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Thread: Seemingly illogical bitwise AND using C++

  1. #1

    Seemingly illogical bitwise AND using C++

    I've been taking my first steps in learning C++ and writing little programs as I go to further my understanding.

    I've written this simple console program below :

    Code:
    #include <iostream>
    #include <iomanip>
    using namespace std;
    using std::cout;
    using std::endl;
    using std:: setfill;
    using std::setw;
    
    int main(){
    
    unsigned char* pchar;
    unsigned char hexchar = 0x41;
    int i = 0;
    
    pchar =&hexchar;
    
    cout << std::hex;
    cout << setfill('0');
    
    
    cout << "The value of the hex variable is ";
    cout << "\nHex value of  hexchar is " << setw(4) << *pchar;
    cout << "\nThe size of hexchar variable is :" << sizeof(*pchar) << "bytes(s)" 
           << endl;
    cout << hex << *pchar << endl;
    
    for(i=0;i<10;i++)
    {
     cout << "\nThe hex value is currently set at : " << *pchar;
     if((*pchar & 0x42) == 0x42)
        cout << "\nYou have found the 'key'";
     (*pchar)++;
    }
    cout << endl;
    
    return 0;
    }
    The above if statement is displaying the 'found key' message when *pchar is equal to 0x42, 0x43, 0x47, 0x48, 0x4A.
    Surely the message showed only be displayed when the pointer to the unsigned character is 0x42 (ASCII character 'B').

    All of the above hex values have bit positon two set to '1' which seems to be influencing this although it shouldn't.

    What could the problem be?

  2. #2
    <script>alert(0)</script> disavowed's Avatar
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    If you want to see if it equals 'B' and only 'B', then the if-statement should be: if(*pchar == 0x42)
    Or more simply: if(*pchar == 'B')

    I'm not sure why you're doing a bitwise &.

  3. #3
    My eventual aim is to develop a little program that that will perform an exhaustive key search (40 bits) on an encrypted byte sequence. The above program is experimental to help me understand a few things as I progress.

    My aim is to make the program stop and display the key used (in hex) if the first 8 ASCII characters of the decrypted cipher text matches a known sequence.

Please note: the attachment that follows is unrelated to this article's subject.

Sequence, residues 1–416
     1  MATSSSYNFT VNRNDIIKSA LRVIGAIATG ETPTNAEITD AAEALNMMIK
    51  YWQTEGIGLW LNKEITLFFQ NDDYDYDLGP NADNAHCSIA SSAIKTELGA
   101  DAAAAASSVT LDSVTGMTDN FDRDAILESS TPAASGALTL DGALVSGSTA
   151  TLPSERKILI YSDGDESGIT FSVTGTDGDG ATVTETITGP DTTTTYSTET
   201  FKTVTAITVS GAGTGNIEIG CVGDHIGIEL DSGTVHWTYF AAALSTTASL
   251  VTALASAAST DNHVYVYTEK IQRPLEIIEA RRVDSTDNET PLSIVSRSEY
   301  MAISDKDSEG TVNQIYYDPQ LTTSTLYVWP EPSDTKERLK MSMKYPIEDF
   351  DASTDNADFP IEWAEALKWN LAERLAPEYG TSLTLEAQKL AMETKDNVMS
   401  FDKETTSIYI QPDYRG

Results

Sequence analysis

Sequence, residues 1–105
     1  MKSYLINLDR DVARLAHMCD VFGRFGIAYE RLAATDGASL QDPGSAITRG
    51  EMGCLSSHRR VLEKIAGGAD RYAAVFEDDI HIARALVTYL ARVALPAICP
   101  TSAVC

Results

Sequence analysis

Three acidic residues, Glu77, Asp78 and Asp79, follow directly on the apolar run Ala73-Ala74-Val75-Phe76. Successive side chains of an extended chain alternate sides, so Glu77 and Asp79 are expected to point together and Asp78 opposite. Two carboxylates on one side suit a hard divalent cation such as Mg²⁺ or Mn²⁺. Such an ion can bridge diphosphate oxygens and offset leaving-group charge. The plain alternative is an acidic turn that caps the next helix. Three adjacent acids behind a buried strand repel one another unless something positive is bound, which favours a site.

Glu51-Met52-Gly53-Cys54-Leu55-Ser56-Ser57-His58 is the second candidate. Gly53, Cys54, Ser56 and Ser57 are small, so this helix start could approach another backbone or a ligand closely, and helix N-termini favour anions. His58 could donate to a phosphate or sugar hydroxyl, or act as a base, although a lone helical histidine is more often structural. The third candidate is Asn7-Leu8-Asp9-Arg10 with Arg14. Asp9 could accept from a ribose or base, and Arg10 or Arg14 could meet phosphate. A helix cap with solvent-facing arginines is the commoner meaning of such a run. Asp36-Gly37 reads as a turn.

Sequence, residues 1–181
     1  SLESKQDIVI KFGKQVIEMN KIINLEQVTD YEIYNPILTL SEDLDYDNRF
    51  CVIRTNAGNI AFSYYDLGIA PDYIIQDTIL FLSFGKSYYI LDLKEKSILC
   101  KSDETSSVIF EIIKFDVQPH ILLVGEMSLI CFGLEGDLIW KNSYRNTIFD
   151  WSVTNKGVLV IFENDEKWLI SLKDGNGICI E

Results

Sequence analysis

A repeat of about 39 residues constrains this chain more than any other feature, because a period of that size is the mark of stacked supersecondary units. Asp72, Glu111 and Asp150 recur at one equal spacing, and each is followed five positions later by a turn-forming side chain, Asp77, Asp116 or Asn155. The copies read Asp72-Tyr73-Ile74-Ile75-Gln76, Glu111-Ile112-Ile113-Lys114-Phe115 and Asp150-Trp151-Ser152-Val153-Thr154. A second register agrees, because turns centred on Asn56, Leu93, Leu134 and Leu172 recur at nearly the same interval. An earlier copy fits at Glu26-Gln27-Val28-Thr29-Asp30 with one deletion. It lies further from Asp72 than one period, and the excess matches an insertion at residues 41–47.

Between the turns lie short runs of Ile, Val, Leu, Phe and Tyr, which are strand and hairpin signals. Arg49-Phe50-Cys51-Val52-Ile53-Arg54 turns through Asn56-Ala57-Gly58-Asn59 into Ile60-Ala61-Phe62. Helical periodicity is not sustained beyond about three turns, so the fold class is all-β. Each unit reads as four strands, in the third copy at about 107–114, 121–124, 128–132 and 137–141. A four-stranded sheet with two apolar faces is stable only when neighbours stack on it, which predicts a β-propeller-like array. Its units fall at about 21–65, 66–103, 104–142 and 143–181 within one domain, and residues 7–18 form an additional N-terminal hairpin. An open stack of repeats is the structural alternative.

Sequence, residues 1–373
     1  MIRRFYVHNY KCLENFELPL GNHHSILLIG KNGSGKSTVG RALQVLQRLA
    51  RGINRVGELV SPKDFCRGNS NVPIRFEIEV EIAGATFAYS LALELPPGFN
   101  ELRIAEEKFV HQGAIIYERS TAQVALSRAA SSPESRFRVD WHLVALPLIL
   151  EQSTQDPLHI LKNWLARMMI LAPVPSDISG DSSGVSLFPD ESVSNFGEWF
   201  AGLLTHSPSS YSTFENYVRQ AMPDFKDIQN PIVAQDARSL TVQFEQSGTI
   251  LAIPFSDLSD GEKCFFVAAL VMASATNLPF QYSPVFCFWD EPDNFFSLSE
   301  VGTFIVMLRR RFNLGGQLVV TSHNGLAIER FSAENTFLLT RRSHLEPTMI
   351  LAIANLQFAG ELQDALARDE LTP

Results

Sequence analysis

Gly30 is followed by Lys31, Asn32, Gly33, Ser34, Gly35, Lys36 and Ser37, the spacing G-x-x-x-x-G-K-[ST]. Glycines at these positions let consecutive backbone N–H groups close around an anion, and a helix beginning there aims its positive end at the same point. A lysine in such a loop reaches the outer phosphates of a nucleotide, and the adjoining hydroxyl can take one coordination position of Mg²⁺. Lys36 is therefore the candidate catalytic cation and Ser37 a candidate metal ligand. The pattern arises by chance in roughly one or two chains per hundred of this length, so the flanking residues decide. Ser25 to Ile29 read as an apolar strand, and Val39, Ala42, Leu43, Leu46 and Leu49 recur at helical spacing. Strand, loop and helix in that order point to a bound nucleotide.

My reason for using the bitwise AND is because I will eventually be searching through the entire ASCII character set which will include unprintable codes for example.

  4. #4
    Quote Originally Posted by 5aLIVE View Post
    The above if statement is displaying the 'found key' message when *pchar is equal to 0x42, 0x43, 0x47, 0x48, 0x4A.
    Surely the message showed only be displayed when the pointer to the unsigned character is 0x42 (ASCII character 'B').
    0x43 & 0x42 == 0x42
    0x47 & 0x42 == 0x42
    try it in Calculator

    I fail to see the illogical part.

    Me thinks you mean something like:
    if (!memcmp("ABCDEFGH",decrypt(buffer,"AAAAA")))
    printf ("I found the key!");

    Where AAAAA is your key your testing, and decrypt, well, decrypts the data with the current key. If it matches the expected output (ABCDEFGH in this example), then it outputs a string. Yes?
    Last edited by squidge; June 30th, 2009 at 13:45.

  5. #5
    You are quite right, I checked this on a calculator.
    I've got my logic wrong here, what I am trying to do is create a bit mask so that the message is only shown when the value of *pchar is 0x42 only.

  6. #6
    Quote Originally Posted by squidge View Post
    Me thinks you mean something like:
    if (!memcmp("ABCDEFGH",decrypt(buffer,"AAAAA")))
    printf ("I found the key!");

    Where AAAAA is your key your testing, and decrypt, well, decrypts the data with the current key. If it matches the expected output (ABCDEFGH in this example), then it outputs a string. Yes?
    Yes, that's the kind of thing I am aiming for. Can the same result be achieved using a bit mask?
    Thinking about this some more, I don't think it can be done.

    memcmp looks absolutely ideal, no mention of it in the indexes of my C++ or C text books which is odd.
    As far as I can gather its from the C standard library cstring (string.h).
    Last edited by 5aLIVE; June 30th, 2009 at 15:02.

  7. #7
    sure you can use a bitmask, if you dont care about some of the bits in the data your comparing, but if you do, a bitmask is kinda pointless. You'd also have to check each byte seperately (or upto the size of the target system)

    yes, memcmp is a c library function. I'm oldskool :-) (I program small microcontrollers for a living, c++ typically isn't available/possible when you have such small memory spaces)

  8. #8
    <script>alert(0)</script> disavowed's Avatar
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    Quote Originally Posted by 5aLIVE View Post
    ... so that the message is only shown when the value of *pchar is 0x42 only.
    No, you wouldn't use a bitmask for this. You'd use "==" or a memcmp(...)-style function.

  9. #9
    Thankyou both for your help.

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